web analytics

U.S. Army UH-60L crew rescue hunter near Gold King Creek, Alaska

U.S. Army UH-60L Black Hawk crew rescue hunter near Gold King Creek, Alaska
U.S. Army UH-60L Black Hawk helicopter aircrew conducts a rescue of a hunter near Gold King Creek, Alaska.
Archive image: Spartan Paratroopers from the 725th Brigade Support Battalion, 4th Infantry Brigade Combat Team (Airborne), 25th Infantry Division, “Spartan Brigade,” and UH-60L Black Hawk helicopter aircrews from the 1st Battalion, 52d Aviation Regiment, General Support Aviation Battalion (GSAB), conduct a medevac training in preparation for Joint Pacific Readiness Multinational Readiness Center rotation 22-02 near Fort Greely, Alaska, March 8, 2022.
U.S. Army photo by Maj. Jason Welch.
U.S. Army story by Capt. Kyle Abraham, 16th Combat Aviation Brigade

FORT WAINWRIGHT, Alaska – A U.S. Army UH-60L Black Hawk helicopter aircrew assigned to Charlie Company, 1-52 General Support Aviation Battalion, 16th Combat Aviation Brigade performed a rescue (medevac) of a hunter near Gold King Creek, Alaska, on Sep. 17, 2023.

The mission started when a hunter began exhibiting symptoms related to hypothermia and contacted local authorities. Federal support was requested through the Alaska Rescue Coordination Center for a high-powered helicopter with hoist capability to recover the patient.

At 6:51 p.m., a U.S. Army UH-60L Black Hawk helicopter departed Fort Wainwright for the patient’s reported location near Gold King Creek, Alaska, approximately halfway between Fairbanks and Denali National Park.

“We identified a hunting party in the vicinity of the reported location of the patient that immediately signaled the aircrew that they were in distress. We determined that there was not a suitable landing location and committed to a hoist extraction. We lowered the flight medic, Staff Sgt. Joseph Uribe, to confirm that the hunters were the same individuals who had requested rescue,” said Capt. Conor Dolan, the pilot in command of the mission.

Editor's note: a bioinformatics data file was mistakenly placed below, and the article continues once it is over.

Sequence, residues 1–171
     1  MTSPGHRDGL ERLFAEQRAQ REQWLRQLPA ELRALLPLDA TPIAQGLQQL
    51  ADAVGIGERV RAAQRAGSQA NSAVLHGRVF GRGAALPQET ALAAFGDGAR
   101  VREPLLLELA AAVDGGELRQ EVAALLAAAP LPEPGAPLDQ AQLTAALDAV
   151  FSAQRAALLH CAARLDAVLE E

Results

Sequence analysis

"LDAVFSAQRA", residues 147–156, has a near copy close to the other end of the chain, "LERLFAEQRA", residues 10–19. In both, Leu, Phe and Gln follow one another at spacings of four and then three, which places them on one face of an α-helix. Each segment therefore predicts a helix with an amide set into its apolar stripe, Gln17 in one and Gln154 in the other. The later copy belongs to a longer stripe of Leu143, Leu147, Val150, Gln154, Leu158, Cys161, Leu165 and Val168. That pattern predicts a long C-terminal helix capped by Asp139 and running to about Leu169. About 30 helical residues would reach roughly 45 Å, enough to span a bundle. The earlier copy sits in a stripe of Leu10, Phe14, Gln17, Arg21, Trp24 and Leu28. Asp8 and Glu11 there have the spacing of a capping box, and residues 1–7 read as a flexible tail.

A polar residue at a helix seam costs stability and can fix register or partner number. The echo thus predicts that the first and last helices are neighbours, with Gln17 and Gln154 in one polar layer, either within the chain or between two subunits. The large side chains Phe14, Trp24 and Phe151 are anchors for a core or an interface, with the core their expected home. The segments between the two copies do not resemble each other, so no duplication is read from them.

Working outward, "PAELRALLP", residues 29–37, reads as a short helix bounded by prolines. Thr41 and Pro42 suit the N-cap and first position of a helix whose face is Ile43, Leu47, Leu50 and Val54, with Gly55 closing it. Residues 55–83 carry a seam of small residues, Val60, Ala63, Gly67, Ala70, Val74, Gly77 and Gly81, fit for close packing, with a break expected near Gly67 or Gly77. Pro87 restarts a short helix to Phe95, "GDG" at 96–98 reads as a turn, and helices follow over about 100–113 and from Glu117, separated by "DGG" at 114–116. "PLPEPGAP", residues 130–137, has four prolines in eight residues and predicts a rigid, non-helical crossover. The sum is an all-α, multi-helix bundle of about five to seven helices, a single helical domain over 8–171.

The UH-60L Black Hawk rescue helicopter aircrew continued to orbit the area while the medic prepared the hunter for transport, eventually coming to a hover again to extract the patient and medic.

“I was hoisted down 50 feet into the patient’s camp. Once on the ground I conducted an initial medical evaluation and then got the patient ready to be recovered with the hoist. Once we were back in the aircraft, I ensured the patient was stable and conducted hypothermia preventions until he was delivered to a higher level of care,” Staff. Sgt. Uribe said.

After the patient was secured in the aircraft, he was transported to Fairbanks Memorial Hospital, arriving at 8:12 p.m., and the aircrew returned to Fort Wainwright.

“Hoist missions are the most dangerous operations we carry out. I am very proud of the crew’s expertise and am proud to be able to support our fellow Soldiers and the citizens of Alaska,” said Capt. Laura Penley, the Charlie Co. operations officer.

Based out of Fort Wainwright in central Alaska, the unit operates 24 hours a day, seven days a week, to provide aeromedical evacuation support for thousands of service members training at Fort Wainwright each year.

Additionally, the unit works with the Alaska Rescue Coordination Center and local emergency medical services to provide rescue coverage in northern Alaska’s remote wilderness areas.

This life-saving mission is a collaborative effort: As the only active-duty Army aeromedical evacuation unit in Alaska, every member of the team is vital to the mission.

The 16th Combat Aviation Brigade operates two aeromedical evacuation units that provide defense support to civil authorities: U.S. Army Air Ambulance Detachment-Yakima in central Washington and Charlie Company, 1-52 General Support Aviation Battalion in central Alaska.

For more Hlcopters Magazine breaking news, stories, images and videos visit hlcopters.com and follow us on Facebook, Twitter, Instagram and YouTube.

The appearance of U.S. Department of Defense (DoD) visual information does not imply or constitute DoD endorsement.

Deja una respuesta

Tu dirección de correo electrónico no será publicada. Los campos obligatorios están marcados con *

error: Content is protected !!